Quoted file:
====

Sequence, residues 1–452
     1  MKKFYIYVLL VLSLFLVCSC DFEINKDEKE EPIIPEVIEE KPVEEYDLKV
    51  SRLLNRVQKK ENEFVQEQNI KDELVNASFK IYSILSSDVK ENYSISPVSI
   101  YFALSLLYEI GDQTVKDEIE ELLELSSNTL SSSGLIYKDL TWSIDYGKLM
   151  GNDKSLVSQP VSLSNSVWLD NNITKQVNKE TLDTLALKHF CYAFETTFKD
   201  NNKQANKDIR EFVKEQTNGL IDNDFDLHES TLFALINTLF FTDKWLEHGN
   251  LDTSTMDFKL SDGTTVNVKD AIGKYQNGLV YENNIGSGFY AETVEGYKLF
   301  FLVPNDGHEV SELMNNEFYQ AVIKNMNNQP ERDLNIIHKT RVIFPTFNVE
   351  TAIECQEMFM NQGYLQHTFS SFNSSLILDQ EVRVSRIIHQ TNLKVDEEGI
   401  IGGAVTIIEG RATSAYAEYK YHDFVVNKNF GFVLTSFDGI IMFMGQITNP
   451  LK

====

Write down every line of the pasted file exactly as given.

Sequence, residues 1–452
     1  MKKFYIYVLL VLSLFLVCSC DFEINKDEKE EPIIPEVIEE KPVEEYDLKV
    51  SRLLNRVQKK ENEFVQEQNI KDELVNASFK IYSILSSDVK ENYSISPVSI
   101  YFALSLLYEI GDQTVKDEIE ELLELSSNTL SSSGLIYKDL TWSIDYGKLM
   151  GNDKSLVSQP VSLSNSVWLD NNITKQVNKE TLDTLALKHF CYAFETTFKD
   201  NNKQANKDIR EFVKEQTNGL IDNDFDLHES TLFALINTLF FTDKWLEHGN
   251  LDTSTMDFKL SDGTTVNVKD AIGKYQNGLV YENNIGSGFY AETVEGYKLF
   301  FLVPNDGHEV SELMNNEFYQ AVIKNMNNQP ERDLNIIHKT RVIFPTFNVE
   351  TAIECQEMFM NQGYLQHTFS SFNSSLILDQ EVRVSRIIHQ TNLKVDEEGI
   401  IGGAVTIIEG RATSAYAEYK YHDFVVNKNF GFVLTSFDGI IMFMGQITNP
   451  LK